How to loop through components, delete non-solid components

I’m trying to write a script that will delete all non-solid components in my model.

I found the manifold? method http://ruby.sketchup.com/Sketchup/ComponentInstance.html#manifold%3F-instance_method which will check for solid.

But I can’t quite figure out how to loop through the active model definitions, or if I need to loop through all the instances?

I ended up trying to use a selection instead, so I’m selecting all the components I want to process, then running the script, but it’s giving me problems. It’s almost as if the selection is being updated in real time as I erase the entities, instead of the loop going through all the original selection? So it’s causing the loop to end prematurely.

model = Sketchup.active_model
selection = model.selection
selection.each {|ent|
  if !ent.manifold?
    ent.erase!
  end
}

I understand that this will through an error if my selection includes something other than a component. That’s ok. I just can’t get it to actually erase all the non-solids. It seems to erase one, then the script stops.

It depends on what you are trying to do. Do you want to erase component instances or erase their definitions?

This is called a “fence post error”: never delete members from an enumeration while iterating over that enumeration. Doing so can cause some members to be skipped or can terminate the loop early. Instead, make an array to access the contents and then iterate over that array, e.g.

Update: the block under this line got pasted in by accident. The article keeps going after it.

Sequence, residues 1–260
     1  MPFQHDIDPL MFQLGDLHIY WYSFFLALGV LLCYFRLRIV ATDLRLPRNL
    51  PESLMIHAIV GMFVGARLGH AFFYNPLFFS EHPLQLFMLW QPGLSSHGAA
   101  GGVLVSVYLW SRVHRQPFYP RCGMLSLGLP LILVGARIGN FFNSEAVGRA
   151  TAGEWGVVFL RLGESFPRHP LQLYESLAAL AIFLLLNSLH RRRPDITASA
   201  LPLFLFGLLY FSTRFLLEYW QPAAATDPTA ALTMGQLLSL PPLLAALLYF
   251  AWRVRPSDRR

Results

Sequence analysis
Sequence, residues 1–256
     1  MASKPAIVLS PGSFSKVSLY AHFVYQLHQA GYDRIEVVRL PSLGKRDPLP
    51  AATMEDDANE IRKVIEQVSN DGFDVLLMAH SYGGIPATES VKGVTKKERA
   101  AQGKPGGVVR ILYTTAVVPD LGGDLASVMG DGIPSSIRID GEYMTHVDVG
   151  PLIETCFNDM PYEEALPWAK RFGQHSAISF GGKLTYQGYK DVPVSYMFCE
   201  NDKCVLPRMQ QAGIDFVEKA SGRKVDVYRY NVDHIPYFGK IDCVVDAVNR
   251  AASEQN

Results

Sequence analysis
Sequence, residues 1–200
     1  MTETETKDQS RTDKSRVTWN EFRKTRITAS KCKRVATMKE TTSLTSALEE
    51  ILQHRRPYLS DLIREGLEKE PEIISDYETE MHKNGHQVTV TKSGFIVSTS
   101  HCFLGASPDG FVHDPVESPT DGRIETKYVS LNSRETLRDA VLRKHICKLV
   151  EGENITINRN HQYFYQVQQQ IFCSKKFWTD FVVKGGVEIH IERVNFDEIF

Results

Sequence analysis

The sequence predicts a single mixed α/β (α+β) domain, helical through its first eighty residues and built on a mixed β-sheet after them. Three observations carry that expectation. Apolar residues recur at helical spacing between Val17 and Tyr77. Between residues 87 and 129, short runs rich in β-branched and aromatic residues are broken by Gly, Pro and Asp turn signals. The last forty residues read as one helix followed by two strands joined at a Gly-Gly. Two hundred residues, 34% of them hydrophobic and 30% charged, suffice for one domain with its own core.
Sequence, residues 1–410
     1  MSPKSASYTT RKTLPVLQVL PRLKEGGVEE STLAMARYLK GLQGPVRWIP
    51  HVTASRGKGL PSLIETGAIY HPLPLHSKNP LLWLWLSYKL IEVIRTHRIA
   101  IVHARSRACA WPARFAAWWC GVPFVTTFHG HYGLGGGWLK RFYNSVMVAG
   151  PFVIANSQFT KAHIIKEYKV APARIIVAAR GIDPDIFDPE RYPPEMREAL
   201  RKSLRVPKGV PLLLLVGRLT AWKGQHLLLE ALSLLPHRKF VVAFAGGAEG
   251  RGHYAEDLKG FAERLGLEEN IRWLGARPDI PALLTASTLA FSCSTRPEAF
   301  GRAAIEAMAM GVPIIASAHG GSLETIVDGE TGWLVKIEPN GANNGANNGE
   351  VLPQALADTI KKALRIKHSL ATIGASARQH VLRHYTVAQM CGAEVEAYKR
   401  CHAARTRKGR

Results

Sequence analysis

selection = SketchUp.active_model.selection.to_a

It’s safe to do the operation on an array because it is a simple linear data structure that doesn’t care if its elements refer to deleted or invalid entries.

2 Likes

Very cool. Yeah, I ended up trying that out, and it worked. I didn’t know about .to_a, I used a much less elegant solution, lol

model = Sketchup.active_model
selection = model.selection
deletethese = []
selection.each {|ent|
  if !ent.manifold?
    deletethese << ent
  end
}
deletethese.each { |ent|
  ent.erase!
}

This worked. Took several minutes to process, but did the job.

Now if I wanted to do this on the entire model (without having to select the entities first), the manifold method only works on instances, but maybe I don’t understand the distinction between definition and instance in this scenario. Are definitions basically all component definitions embedded in the model, even if the component doesn’t have an instance in the workspace? So how would you check each definition for manifold, and erase it, when the manifold method only works on instances?

To iterate the model recursively, you could look at the source code for Eneroth Material Area Counter. If you know you want to do this with everything in the model, iterating over the model Definitions context may be enough.

Regarding identifying solids, the native solid tools don’t recognize anything as a solid if it contains a nested instance. The check in Eneroth Solid Tools may be better as it ignores nested geometry, but teh algorithm is far from perfect and sometimes fails on some geometry.

Could be useful though.

EDIT: When thinking of it, it’s the solid operations, not the solidity checks, that sometimes fails.

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For reasons I don’t know, there is no manifold? method on a ComponentDefinition. So, you would need to iterate over the DefinitionList of the model (model.definitions), and if the ComponentDefinition has any instances (definition.count_used_instances > 0), test one of them for manifold?. If it is manifold, you can get rid of both the ComponentDefinition and all its ComponentInstances using DefinitionList.remove.